Graduate deans, directors, and faculty, committed to the principle that graduate programs must be organized and administered in a way that makes their success possible, are now addressing questions concerning quality control, completion and attrition, faculty training and credentialing, outcomes assessment, program review, and accreditation and student support. Added to this by no means exclusive list are questions and concerns about the appropriate balance between online and on campus students, how to maintain a “community of scholars,” and how best to deal with other facets of graduate learning and experience more commonly addressed in an exclusively on-campus environment.

Distance Education and the Workforce

While the growth of online education is taking place in a variety of settings, both alone and in combination with face-to-face instruction, the potential to reap broader public benefits through distance education is particularly promising. The Council of Graduate Schools’ 2010 report, The Path Forward: Graduate Education in the United States, provides an important context for considering the role for distance learning in terms of both access and skill development. For example, distance programming can address the needs of working adults who require flexible access to education in order to balance their concurrent career and family needs. Similarly, institutions seeking to increase international enrollments can make strategic use of distance education.

As important as providing access is the need to educate professionals through the very technologies they will need to use in their careers. Attuning graduate learning to varied post-graduate career paths must take account of the fact that the workplace is increasingly characterized by online information technology and distributed organizational structures. In addition, professional practitioners in fields of education, health, mental health, law, engineering, consulting, and more, will make use of information technology at a distance to conduct their business. Distance education  provides  direct  experiential  learning  and  skill  development with virtual work that gives graduates a competitive edge in addressing the changing needs of employers in a global context. Many forms of employment will require skilled online interaction with a geographically distributed workforce to conduct the social and operational aspects of work. Graduate students’ facility with online work at a distance is likely to be considered an essential skill for many post-graduate professional pursuits.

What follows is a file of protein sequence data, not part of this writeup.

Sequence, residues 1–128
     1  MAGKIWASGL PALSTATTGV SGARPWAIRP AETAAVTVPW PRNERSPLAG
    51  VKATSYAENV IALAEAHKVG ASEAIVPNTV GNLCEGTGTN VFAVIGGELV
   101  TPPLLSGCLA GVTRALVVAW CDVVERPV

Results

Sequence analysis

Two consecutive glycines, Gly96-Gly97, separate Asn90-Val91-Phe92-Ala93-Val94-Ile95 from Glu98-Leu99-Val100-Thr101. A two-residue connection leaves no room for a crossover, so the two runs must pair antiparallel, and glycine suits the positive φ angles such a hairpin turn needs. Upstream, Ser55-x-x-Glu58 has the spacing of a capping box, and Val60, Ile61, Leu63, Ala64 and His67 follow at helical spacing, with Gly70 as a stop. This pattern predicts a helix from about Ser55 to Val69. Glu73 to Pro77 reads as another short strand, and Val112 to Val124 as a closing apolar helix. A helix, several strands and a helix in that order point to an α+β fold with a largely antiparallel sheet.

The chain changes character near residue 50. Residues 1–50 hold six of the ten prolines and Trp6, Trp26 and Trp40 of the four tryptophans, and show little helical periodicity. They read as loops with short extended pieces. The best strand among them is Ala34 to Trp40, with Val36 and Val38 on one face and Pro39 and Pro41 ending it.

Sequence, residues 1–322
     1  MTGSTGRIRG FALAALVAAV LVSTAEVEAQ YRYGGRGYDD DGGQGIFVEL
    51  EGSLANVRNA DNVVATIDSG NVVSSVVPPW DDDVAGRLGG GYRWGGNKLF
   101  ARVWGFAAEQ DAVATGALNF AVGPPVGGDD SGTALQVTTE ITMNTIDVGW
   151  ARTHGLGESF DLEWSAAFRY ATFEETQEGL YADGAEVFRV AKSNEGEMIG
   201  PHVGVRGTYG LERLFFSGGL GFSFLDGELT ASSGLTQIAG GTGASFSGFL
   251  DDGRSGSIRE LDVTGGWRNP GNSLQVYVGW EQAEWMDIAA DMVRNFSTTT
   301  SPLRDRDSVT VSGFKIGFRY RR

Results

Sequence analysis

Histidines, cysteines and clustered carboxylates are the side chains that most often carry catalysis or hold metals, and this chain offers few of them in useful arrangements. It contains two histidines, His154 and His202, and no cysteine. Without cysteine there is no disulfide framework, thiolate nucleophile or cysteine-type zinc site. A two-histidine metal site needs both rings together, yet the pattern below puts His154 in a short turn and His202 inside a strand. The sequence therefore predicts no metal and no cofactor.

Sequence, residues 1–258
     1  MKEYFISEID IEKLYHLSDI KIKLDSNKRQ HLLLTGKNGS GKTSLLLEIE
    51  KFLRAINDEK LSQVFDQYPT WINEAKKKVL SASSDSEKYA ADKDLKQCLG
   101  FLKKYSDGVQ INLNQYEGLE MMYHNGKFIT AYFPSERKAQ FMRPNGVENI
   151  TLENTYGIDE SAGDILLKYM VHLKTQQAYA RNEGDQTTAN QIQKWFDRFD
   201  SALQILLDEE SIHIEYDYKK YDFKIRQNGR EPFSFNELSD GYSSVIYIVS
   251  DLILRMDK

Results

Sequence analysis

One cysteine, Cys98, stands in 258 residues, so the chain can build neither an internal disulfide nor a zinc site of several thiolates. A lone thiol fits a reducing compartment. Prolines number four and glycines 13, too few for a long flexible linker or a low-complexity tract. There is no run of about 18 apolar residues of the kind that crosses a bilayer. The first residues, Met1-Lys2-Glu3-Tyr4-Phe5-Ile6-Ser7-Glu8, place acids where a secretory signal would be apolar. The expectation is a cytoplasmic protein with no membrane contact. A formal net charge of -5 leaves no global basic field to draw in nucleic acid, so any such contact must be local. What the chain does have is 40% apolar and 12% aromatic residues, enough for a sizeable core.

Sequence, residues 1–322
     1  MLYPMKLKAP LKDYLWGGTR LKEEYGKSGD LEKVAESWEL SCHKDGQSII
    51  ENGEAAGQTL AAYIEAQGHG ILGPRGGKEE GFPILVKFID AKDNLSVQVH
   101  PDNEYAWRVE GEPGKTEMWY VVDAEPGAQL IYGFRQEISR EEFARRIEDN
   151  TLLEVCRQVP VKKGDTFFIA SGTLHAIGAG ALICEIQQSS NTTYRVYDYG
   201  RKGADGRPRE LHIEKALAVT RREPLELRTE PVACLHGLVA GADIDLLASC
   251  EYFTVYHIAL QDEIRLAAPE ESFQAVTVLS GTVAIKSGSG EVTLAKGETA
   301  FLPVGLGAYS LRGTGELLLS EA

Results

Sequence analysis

Finally, distance education serves a professoriate of the future that may look quite different from that of the previous half century. We have seen large increases recently in the proportion of fixed-term or adjunct faculty, and many of these are expected to teach online courses. Indeed the relatively low cost of adjunct faculty has made them an attractive part of the online package. Many universities, however, have striven to avoid a separation of online teaching faculty from other faculty and require that full-time faculty be prepared to teach both on campus and online. Regardless of their official faculty status, the ability to teach students online and at a distance will likely become a valuable asset for those seeking faculty positions as well as for those already in the professorial ranks.